Queen of Zazzau (J.S. Emuakpor)

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I received an e-book copy in exchange for an honest review.


Goodreads Link | Author Website

Totally kick-ass!

TL;DR – A smashing tale of war, love, magic and gods, with seriously strong female characters

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Ragdoll Rating: 5/5 Buttons

Recommended For: Fans of historical fantasy, fans of strong female leads

About the Book…

Amina is a princess, heir to the throne of Zazzau and a destiny of war and bloodshed. Amina must prove herself as a warrior and lead Zazzau against hordes of foreign enemies and strange magic. But the god of war has his sights set on Amina, and ruling the nation soon proves to be far more complicated than Amina could have possibly imagined.

Queen of Zazzau follows Amina from her beginnings as the heir apparent, through war and love and impossible bargains. The book takes place over some 80 years, during which Amina becomes a strong military leader, a Queen and the wife of a god. It is full to the brim with battles and magic, gods and romance.

What I thought…

I put off reading this book for a while as it is pretty long, clocking in at 510 pages – and what a selection of pages they are!

My favourite thing about this book is its lead character, Amina. Amina is a wonderful example of well-rounded, strong female lead. She’s powerful, clever, loving, dedicated – she is brilliant. We get to explore so many facets of Amina’s character as the story progresses, from romantic interests, battle tactics, diplomacy…even an unexpected pregnancy. Life throws so much at Amina, and she doesn’t take it lying down, but at the same time, she has this fragile side that feels so real – she struggles to keep going at times, allowing fear and panic to take hold of her. Amina is such a great character for so many reasons, and I’m super pleased to have read her story.

Another thing I loved was the way religion is explored in this book. Strictly speaking, the Zazzauwa are Muslim, but for many, if not most of them the old religion still exists – a host of other gods hold some sway over the workings of the world and I found it really interesting to see how the two quite disparate set of beliefs gelled together into a functioning belief system.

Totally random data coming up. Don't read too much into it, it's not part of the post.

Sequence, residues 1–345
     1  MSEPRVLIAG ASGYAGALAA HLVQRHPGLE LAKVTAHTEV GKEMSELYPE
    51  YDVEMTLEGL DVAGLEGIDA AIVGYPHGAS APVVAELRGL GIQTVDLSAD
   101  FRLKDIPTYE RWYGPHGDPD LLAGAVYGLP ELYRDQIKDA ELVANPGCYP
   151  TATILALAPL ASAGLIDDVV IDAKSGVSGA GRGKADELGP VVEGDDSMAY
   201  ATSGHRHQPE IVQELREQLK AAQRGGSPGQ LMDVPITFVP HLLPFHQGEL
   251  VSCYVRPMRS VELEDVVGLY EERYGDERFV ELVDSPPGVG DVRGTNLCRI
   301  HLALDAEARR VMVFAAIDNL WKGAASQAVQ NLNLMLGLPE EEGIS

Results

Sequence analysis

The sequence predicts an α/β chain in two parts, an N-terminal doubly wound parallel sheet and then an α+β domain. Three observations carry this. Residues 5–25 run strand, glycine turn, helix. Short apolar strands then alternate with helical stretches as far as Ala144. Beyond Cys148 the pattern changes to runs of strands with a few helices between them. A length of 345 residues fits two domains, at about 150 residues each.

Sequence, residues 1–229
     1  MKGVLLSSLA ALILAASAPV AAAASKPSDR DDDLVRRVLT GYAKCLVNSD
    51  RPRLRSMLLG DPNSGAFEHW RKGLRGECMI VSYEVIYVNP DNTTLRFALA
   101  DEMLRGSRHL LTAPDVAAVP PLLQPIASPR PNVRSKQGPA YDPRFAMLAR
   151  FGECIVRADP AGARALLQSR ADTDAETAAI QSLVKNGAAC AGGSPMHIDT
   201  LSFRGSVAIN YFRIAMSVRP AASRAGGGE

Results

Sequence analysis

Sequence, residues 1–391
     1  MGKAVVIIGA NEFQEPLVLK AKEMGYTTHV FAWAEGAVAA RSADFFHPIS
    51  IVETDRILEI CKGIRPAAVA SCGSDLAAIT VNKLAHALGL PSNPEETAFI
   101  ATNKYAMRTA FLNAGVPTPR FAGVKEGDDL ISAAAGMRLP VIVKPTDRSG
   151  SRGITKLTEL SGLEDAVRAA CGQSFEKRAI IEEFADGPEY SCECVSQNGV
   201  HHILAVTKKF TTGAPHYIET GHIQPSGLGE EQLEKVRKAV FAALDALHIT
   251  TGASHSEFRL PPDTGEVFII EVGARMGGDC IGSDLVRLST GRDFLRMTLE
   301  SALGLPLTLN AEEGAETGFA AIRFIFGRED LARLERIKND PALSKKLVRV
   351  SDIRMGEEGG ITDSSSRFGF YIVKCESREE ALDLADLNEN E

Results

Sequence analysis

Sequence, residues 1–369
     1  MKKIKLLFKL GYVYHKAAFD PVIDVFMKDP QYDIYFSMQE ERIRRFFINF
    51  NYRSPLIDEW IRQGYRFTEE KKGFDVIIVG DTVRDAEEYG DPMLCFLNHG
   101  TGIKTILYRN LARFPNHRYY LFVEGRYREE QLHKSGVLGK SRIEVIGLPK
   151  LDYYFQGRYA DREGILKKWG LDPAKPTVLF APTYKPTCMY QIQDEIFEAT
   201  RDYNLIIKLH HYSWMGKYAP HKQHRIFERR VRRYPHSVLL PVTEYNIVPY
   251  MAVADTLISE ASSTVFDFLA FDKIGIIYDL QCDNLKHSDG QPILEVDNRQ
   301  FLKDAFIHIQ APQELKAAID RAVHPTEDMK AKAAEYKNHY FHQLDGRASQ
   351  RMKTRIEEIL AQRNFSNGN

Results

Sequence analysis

My only complaint about this book was the ending. Now, I need to say before I go further, that I did like the ending – I’m just not sure I’m comfortable with it. Feel free to skip this paragraph as it does contain spoilers and isn’t hugely important.

So an old prophecy has linked Amina and the god of war for years, and when he first appears, Amina wants no part of it. She’s quite happy as she is, she is already in love with someone else but the god of war insists that she will be his eventually. This turns out to be true, but when she finally does go to him, she offers herself in exchange for his influence over a battle that will decide the fate of her kingdom and everyone in it. So Amina becomes his wife, and then the god drops the bombshell that she will now feel intense sexual desire, which he will only satisfy when he feels like it. She is free to sleep with other men, but they MUST die afterwards. I think we can all agree this is beyond creepy and straight up abusive – but that’s gods for you, those guys are jerks. Anyway, because of this, Amina is prevented from properly experiencing love for her entire life – which, incidentally, is spent eternally young, so for 80 years she can’t allow herself to love another man, instead of taking a number of ‘temporary husbands’ and killing them, or periodically having sex with the god of war. Which brings us to the end. Turns out, after all this, she completely loves the god of war and they ride off into the sunset together.

OK spoilers over, on to my point. As I’ve said in other reviews, I’m autistic – I have trouble understanding how other peoples minds work. But to me, the end doesn’t make sense. I’m not sure what I would have wanted in its place, and I’m not begrudging the bitter-sweet ending, but still, it doesn’t sit quite right with me. But that could just be my weird interpretation – don’t let it prevent you reading the book and making up your own mind.

Final Thoughts…

This book is an epic tale with so much to love about it. I’m really pleased I read it and will definitely be keeping my eyes peeled for anything J.S. Emuakpor might release in the future.

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Please Note: I received a copy of this book via NetGalley in exchange for an honest review. The opinions contained within are my own and have not been influenced by any external entity!

Book Review: Cretaceous (Tadd Galusha)

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I received an e-book copy in exchange for an honest review.


Goodreads Link

For the dinosaur lover in your life.

TL;DR – A superb book about living life, the dinosaur way.

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Ragdoll Rating: 5/5 Buttons

Recommended For: Dinosaur fans, folks who appreciate the comics as a medium

About the Book…

Cretaceous is my best guess at the perfect use of the comics medium. The story follows a t-rex as he goes about his daily life, doing t-rex things in a t-rex way. It’s full of dinosaurs and drama and it’s super freakin’ sweet.

What I thought…

The first thing that needs to be said about this book is it includes no dialogue. Not. One. Word. No speech, no narration, NOTHING. And yet this book is absolutely soaked in drama and emotion.